Data Exploration and Analysis with ArcGIS Notebooks

by | Mar 10, 2021

This is a short tutorial where we use ArcGIS Notebooks inside ArcGIS Pro to do data exploration and analysis.

In this tutorial you’ll learn the following:

  • How to create a new Notebook inside an ArcGIS Pro project
  • How to reference a local workspace using arcpy
  • How to create a pandas dataframe of a feature class using the arcgis and pandas packages
  • How to perform quick data inspection using pandas
  • How to perform a SQL query with a “group by” clause using pandas for data analysis

STEP ONE: Creating a new project and loading a data layer

Open up ArcGIS Pro and create a new, empty project. This particular project is called “Notebook”. Before we load a data layer, click the “Project” tab and choose “Options”. A new window opens with on the left a list of settings under Project. The first setting is called “Current Settings” and contains five fields that contain information about your current project, such as the name of the project and the location on disk. The information under “home folder” is used below, but now you know where to find this information when referencing file folders on disk when using arcpy.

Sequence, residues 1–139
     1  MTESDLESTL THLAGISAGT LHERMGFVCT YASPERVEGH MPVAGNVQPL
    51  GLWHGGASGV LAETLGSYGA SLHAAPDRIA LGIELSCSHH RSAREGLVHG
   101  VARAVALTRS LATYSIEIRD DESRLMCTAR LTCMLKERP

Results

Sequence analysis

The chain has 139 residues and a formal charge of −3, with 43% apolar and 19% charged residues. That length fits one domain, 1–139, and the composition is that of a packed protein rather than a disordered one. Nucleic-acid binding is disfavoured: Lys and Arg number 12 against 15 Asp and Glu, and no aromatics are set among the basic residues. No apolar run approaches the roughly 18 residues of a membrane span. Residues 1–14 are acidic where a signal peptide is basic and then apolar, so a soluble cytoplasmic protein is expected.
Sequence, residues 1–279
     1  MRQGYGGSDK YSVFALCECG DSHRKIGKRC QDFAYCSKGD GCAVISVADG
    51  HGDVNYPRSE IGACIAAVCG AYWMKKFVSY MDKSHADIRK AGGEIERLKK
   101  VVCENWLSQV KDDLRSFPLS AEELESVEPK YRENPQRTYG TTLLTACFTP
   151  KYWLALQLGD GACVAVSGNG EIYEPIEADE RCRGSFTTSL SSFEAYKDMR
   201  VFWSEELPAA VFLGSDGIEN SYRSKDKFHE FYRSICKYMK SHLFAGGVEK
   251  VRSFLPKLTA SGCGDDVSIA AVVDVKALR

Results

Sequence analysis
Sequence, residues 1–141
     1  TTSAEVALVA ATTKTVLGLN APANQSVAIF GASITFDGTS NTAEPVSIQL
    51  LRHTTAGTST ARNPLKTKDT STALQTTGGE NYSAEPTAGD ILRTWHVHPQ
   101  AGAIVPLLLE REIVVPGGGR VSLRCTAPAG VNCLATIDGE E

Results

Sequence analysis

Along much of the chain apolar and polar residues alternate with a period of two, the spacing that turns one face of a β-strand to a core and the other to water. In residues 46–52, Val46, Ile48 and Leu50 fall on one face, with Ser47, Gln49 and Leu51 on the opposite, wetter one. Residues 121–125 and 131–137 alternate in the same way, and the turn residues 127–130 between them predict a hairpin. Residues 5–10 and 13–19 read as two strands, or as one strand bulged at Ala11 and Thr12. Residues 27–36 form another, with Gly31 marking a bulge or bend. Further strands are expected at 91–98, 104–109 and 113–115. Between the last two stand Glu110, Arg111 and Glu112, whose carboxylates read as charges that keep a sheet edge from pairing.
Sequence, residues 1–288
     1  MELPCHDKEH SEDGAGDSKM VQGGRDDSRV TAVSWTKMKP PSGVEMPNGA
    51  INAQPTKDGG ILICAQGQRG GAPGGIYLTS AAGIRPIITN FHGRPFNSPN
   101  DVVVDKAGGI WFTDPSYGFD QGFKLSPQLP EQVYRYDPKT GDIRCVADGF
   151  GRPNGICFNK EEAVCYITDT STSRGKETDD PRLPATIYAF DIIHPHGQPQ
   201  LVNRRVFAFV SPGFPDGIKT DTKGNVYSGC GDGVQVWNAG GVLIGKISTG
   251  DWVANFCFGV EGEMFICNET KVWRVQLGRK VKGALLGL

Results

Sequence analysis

Next, click “Cancel” or “OK” and click the arrow button that points to the left in the upper-left part of the screen to return to the map interface. We’ll use a point layer with all hospitals in England for this tutorial, that is available through ArcGIS Online. If you have Portal extension, select Portal through the Catalog window and click on the ArcGIS Online icon (representing a cloud). Search for a hosted feature layer called “Hospitals England” and add it to the map. You might not be able to see the data as it’s only visible when zoomed in. Here’s how the data should look like: